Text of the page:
EFFECTS OF DIETARY CRUDE PROTEIN LEVELS AND CEREAL STOVER AND BUFFEL GRASS HAY BASED TOTAL MIXED RATIONS ON INTAKE AND GROWTH PERFORMANCE OF YEARLING TSWANA SHEEP

M.D. Legodimo, M. Letso, E.E. Waugh

Abstract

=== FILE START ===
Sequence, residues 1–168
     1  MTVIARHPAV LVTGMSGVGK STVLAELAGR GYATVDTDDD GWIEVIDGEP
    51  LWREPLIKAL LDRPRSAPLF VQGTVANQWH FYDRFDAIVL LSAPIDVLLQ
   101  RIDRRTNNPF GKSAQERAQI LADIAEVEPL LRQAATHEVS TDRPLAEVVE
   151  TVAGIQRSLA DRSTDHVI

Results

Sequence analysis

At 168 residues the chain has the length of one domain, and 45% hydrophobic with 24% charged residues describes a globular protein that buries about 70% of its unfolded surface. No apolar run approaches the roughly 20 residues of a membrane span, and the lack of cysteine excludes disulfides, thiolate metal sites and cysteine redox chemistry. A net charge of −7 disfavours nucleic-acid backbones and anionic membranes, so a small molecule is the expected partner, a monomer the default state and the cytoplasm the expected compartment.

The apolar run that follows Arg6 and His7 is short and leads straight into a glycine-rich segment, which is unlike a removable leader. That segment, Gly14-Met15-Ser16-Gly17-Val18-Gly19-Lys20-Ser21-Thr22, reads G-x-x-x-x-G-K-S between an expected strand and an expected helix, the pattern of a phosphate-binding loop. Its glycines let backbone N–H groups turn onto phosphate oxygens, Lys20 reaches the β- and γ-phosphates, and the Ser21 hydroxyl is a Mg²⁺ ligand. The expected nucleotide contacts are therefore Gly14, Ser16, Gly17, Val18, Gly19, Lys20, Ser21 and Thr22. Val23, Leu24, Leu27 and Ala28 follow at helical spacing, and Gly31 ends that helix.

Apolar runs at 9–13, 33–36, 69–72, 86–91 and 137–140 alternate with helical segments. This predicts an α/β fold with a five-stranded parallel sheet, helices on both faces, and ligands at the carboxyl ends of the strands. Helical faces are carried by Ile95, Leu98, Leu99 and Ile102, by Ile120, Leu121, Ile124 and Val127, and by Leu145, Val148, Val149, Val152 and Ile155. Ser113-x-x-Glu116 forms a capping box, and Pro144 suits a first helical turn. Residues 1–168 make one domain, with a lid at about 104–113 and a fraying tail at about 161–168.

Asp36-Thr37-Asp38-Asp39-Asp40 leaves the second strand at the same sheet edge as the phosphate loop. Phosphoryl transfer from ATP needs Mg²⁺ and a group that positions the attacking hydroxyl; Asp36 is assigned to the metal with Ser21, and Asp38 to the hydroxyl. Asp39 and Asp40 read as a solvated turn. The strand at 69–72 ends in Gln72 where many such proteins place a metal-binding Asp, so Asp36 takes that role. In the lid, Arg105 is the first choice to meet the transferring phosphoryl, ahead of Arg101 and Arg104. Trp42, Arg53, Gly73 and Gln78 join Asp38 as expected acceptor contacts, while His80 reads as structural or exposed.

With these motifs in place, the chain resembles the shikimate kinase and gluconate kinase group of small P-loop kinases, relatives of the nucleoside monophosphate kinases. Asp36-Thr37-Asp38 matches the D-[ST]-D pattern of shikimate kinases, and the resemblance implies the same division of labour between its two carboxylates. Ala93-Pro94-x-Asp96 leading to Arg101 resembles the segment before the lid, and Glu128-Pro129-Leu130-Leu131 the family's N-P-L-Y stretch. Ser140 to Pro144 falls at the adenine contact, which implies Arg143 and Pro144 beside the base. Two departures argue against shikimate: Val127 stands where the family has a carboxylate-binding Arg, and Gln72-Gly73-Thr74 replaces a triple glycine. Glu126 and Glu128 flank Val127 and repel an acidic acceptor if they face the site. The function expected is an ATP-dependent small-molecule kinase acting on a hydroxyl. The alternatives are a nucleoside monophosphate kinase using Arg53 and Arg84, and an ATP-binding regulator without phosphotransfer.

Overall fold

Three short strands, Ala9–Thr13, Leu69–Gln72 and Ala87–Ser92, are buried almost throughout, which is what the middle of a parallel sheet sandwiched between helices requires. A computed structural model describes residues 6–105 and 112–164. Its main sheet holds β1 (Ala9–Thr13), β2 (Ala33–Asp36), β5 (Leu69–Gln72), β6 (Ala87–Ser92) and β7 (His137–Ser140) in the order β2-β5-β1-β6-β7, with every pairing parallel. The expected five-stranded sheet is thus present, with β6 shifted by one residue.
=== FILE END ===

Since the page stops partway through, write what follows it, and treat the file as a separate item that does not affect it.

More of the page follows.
The study was conducted to find out the effects of crude protein (CP) levels (13.5 %, 15.5 % and 17.5 %) and different forages (sorghum stover, millet stover and buffel grass hay) on feed intake, growth rate and feed efficiency of Tswana yearling sheep. Fifty-four (54) sheep castrates were allocated to treatments in 3 x 3 factorial arrangements under completely randomised design for ninety days. It was found that crude protein level influenced (P < 0.05) total feed intake, final live weight, average daily gain and feed efficiency. Crude protein levels of 13.5 % and 15.5 % produced statistically (P < 0.05) similar final weights. The final weight and average daily gain (ADG) decreased linearly with increasing levels of dietary protein. Diets containing 13.5 % CP produced the highest mean total feed intake, ADG and feed efficiency, while the highest CP (17.5 %) produced the lowest total feed intake and daily gain. Forage type significantly influenced final live-weights, ADG and feed intake in yearling sheep. Millet stover rations produced higher (P < 0.05) live weight, ADG and feed intake in yearling sheep than the other two diets. On the other hand, sorghum stover based rations produced the lowest live weight, ADG and total feed intake. Yearling Tswana sheep may be fed millet and sorghum stovers and buffel grass hay based TMR containing 13.5 % CP since with this level of crude protein sheep gave superior performances in all parameters assessed. Given the relative performance of the three diets, it is recommended that millet stover based diets be fed as the first choice, followed by buffel grass and sorghum based diets in that order depending on availability.


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